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Twitter is purging accounts that were trying to evade prior suspensions

Twitter announced this afternoon it will begin booting accounts off its service from those who have tried to evade their account suspension. The company says that the accounts in question are users who have been previously suspended on Twitter for their abusive behavior, or for trying to evade a prior suspension. These bad actors have been able to work around Twitter’s attempt to remove them by setting up another account, it seems.

The company says the new wave of suspensions will hit this week and will continue in the weeks ahead, as it’s able to identify others who are “attempting to Tweet following an account suspension.”

This week, we are suspending accounts for attempting to evade an account suspension. These accounts were previously suspended for abusive behavior or evading a previous suspension, and are not allowed to continue using Twitter.

— Twitter Safety (@TwitterSafety) August 14, 2018

Twitter’s announcement on the matter – which came in the form of a tweet – was light on details. We asked the company for more information. It’s unclear, for example, how Twitter was able to identify the same persons had returned to Twitter, how many users will be affected by this new ban, or what impact this will have on Twitter’s currently stagnant user numbers.

Twitter has not responded to our questions.

The company has been more recently focused on aggressively suspending accounts, as part of the effort to stem the flow of disinformation, bots, and abuse on its service. The Washington Post, for example, said last month that Twitter had suspended as many as 70 million accounts between the months of May and June, and was continuing in July at the same pace. The removal of these accounts didn’t affect the company’s user metrics, Twitter’s CFO later clarified.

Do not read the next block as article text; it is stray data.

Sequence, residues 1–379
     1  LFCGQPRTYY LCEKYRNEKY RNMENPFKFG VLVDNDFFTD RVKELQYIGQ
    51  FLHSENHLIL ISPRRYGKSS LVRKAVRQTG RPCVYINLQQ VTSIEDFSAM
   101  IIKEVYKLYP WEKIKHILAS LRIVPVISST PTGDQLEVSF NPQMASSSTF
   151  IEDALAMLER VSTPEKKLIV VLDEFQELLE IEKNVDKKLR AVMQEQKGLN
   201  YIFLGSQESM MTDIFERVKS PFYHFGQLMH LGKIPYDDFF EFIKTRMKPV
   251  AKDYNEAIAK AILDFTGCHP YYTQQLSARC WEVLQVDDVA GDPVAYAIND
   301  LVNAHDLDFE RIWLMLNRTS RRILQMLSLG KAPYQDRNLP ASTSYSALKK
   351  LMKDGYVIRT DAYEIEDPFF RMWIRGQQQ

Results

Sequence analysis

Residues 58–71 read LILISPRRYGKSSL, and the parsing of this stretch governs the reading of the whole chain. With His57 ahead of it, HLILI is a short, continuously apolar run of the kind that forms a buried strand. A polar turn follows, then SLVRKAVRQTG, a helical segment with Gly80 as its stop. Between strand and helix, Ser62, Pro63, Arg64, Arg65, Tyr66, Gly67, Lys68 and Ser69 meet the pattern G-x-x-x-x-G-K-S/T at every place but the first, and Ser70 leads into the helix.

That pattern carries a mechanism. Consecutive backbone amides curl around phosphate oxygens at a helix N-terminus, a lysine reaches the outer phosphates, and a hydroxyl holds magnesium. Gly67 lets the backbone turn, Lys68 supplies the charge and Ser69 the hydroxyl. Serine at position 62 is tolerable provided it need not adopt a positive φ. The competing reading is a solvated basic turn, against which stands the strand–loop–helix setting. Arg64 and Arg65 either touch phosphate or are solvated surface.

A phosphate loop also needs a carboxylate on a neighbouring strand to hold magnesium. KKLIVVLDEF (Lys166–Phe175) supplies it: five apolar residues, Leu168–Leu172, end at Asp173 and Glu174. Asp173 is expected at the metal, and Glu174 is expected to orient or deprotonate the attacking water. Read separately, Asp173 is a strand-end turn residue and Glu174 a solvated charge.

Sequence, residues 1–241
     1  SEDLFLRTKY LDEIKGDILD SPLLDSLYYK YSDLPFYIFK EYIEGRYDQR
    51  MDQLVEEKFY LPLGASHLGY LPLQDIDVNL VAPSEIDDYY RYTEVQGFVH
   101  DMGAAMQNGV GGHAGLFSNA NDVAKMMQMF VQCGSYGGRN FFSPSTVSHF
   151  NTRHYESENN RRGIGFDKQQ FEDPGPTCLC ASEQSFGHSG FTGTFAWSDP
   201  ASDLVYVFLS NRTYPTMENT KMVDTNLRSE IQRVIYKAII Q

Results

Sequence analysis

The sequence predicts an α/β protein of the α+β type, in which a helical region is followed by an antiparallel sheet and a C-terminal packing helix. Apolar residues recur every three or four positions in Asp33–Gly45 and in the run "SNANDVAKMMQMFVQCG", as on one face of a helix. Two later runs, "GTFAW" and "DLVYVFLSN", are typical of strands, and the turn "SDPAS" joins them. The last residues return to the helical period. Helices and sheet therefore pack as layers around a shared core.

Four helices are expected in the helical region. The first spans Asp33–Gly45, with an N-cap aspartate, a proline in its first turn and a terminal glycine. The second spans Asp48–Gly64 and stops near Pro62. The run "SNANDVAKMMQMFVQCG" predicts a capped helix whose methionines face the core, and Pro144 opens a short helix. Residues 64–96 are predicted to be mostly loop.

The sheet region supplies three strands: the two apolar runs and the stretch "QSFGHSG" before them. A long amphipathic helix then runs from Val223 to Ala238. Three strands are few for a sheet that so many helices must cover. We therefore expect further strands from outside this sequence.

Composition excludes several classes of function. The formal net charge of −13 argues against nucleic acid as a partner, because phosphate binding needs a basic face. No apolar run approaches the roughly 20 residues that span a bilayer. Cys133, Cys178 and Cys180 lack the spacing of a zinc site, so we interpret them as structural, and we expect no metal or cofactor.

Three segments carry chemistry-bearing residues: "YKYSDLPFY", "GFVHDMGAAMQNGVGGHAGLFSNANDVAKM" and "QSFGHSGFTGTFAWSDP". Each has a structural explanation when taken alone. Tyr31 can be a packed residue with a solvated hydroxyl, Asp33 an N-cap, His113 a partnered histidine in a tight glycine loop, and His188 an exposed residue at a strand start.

Even though they weren’t a factor, Twitter’s user base is shrinking. The company actually lost a million monthly active users in Q2, with 335 million overall users and 68 million in the U.S. In part, Twitter may be challenged in growing its audience because it’s not been able to get a handle on the rampant abuse on its platform, and because it makes poor enforcement decisions with regard to its existing policies.

For instance, Twitter is under fire right now for the way it chooses who to suspend, as it’s one of the few remaining platforms that hasn’t taken action against conspiracy theorist Alex Jones.

The Outline even hilariously (???) suggested today that we all abandon Twitter and return to Tumblr. (Disclosure: Oath owns Tumblr and TC. I don’t support The Outline’s plan. Twitter should just fix itself, even if that requires new leadership.)

In any event, today’s news isn’t about a change in how Twitter will implement its rules, but rather in how it will enforce the bans it’s already chosen to enact.

In many cases, banned users would simply create a new account using a new email address and then continue to tweet. Twitter’s means of identifying returning users has been fairly simplistic in the past. To make sure banned users didn’t come back, it used information like the email, phone and IP address to identify them.

For it to now be going after a whole new lot of banned accounts who have been attempting to avoid their suspensions, Twitter may be using the recently acquired technology from anti-abuse firm Smyte. At the time of the deal, Twitter had praised Smyte’s proactive anti-abuse systems, and said it would soon put them to work.

This system may pick up false positives, of course – and that could be why Twitter noted that some accounts could be banned in error in the weeks ahead.

We will continue this work in the coming weeks as we identify others who are attempting to Tweet following an account suspension. If you believe your account has been suspended in error, please let us know.https://t.co/RUWvNoQt2G

— Twitter Safety (@TwitterSafety) August 14, 2018

More to come…

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